The Conquest of Space, by Chesley Bonestell and Willy Ley, was one of my favorite books as a child; I checked it out often from the library. Bonestell’s artwork has always been an inspiration.
I recently obtained my own copy of the 1958 edition of The Conquest of Space and one of the ships illustrated is the Transcontinental rocket, which is shown in flight in several of the plates. The Transcontinental rocket is only vaguely described; it’s basically a suborbital passenger rocket.
The Spaceship Handbook (Google search for Jack Hagerty and Jon C. Rogers, ARA Press, 2001) describes the Transcontinental Transport in some detail, and I thought it looked like a fairly simple model to make. I didn’t want to make an exact copy of the design, but use it as an inspiration for my own variation.
Many of the drawings from The Spaceship Handbook were available for sale at Rogers Rocketship, which is now closed. They’re very useful for scratchbuilding the projects in the book, or for framing.
Ron Miller’s Spaceships: An Illustrated History of the Real and the Imagined includes the original and the Ley-Bonestell versions of Tsien Hsue-shen’s design. The picture of this model appears on page 99.
I had a package of Estes NC-5 nosecones, which is a random assortment of five small diameter plastic nosecones of about 13.8 mm (0.544″) outside diameter. I used two of the pointy ended nose cones end to end for the body of the rocket and cut the end (or tip) of one of the nose cones. I made the wings and tail fin from fake credit cards that are often included as enticements in credit card junk mail.
These two images show the two nose cones and wings attached. I’d hoped that by using a butt joint I could reduce the amount of putty, sanding and polishing required to finish the ship; I would just polish the major components, glue them together, paint and decal and I’d be done.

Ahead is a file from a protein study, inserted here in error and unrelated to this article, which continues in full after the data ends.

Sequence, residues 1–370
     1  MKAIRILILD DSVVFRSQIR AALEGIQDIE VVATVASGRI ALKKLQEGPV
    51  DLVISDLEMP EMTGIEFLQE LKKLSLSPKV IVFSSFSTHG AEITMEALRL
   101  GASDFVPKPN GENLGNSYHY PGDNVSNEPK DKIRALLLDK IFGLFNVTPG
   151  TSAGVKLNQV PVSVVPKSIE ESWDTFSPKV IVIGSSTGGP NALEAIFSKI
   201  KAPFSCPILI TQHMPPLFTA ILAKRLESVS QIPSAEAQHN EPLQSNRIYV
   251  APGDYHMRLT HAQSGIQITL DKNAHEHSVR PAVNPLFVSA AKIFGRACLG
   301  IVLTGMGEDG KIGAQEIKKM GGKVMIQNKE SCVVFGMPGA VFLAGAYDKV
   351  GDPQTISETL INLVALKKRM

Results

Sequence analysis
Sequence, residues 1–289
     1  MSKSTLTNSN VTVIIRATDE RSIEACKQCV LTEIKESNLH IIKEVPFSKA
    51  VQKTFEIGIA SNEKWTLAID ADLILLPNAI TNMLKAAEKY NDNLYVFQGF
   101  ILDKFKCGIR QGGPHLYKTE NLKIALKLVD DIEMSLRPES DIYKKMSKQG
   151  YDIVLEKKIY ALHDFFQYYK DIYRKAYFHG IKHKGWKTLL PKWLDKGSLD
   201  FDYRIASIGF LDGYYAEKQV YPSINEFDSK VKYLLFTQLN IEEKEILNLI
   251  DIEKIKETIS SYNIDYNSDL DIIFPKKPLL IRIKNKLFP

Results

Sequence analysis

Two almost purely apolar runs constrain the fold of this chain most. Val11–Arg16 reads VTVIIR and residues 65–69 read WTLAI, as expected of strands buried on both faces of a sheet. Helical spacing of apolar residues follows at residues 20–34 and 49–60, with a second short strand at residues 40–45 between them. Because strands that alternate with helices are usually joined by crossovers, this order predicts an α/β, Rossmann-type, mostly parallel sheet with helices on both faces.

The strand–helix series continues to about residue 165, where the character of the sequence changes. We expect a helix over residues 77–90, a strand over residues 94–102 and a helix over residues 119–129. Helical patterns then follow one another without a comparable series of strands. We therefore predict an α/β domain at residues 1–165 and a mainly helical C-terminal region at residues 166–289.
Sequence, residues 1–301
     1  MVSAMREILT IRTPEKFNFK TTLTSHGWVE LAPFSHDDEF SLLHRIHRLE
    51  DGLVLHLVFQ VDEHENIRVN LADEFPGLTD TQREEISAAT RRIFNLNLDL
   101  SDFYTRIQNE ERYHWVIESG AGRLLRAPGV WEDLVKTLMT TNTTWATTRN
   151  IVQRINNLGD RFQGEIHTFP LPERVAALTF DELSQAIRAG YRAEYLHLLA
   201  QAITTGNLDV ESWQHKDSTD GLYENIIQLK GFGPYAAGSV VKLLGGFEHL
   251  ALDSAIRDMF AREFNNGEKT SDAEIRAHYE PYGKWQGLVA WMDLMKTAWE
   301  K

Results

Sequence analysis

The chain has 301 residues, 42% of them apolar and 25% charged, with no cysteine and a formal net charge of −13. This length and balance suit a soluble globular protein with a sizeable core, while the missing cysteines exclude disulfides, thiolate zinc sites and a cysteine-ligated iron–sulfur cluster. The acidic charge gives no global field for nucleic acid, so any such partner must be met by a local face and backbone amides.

Alas, even though the joints seemed fairly strong, the wings fell off repeatedly during priming and painting. This method would have worked better if the wings had been thicker (with a larger attachment surface). I ended up removing the wings and using my Dremel to cut slots into the body to take the wings and fins. The engine nozzle is from a mecha model accessory kit that I got from the Starship Modeler store.
After much puttying and sanding, I was ready for the painting and decals. My father worked for Western Airlines, so I put the Transcontinental Rocket in Western Airlines inspired livery as a tribute to his memory. The decals were made to mimic the livery used on Western Airlines airplanes in the mid to late 50s, only I changed it to “Western Spacelines”.
My wife Lisa is a former journalist, so the first image in the gallery above shows the model sitting on her 1942 Woodstock typewriter. She found it at a junk shop in Yellow Springs Ohio when she was 12. The model is resting on a press release for the inaugural flight of the Western Spacelines Transcontinental Rocket.
The image of the rocket in flight is a composite of the model with a picture of the Grand Canyon area taken from the Space Shuttle. It represents the inaugural suborbital flight of the Western Spacelines Transcontinental Rocket flying from Los Angeles to New York, on October 4, 1956.
Updated August 5, 2020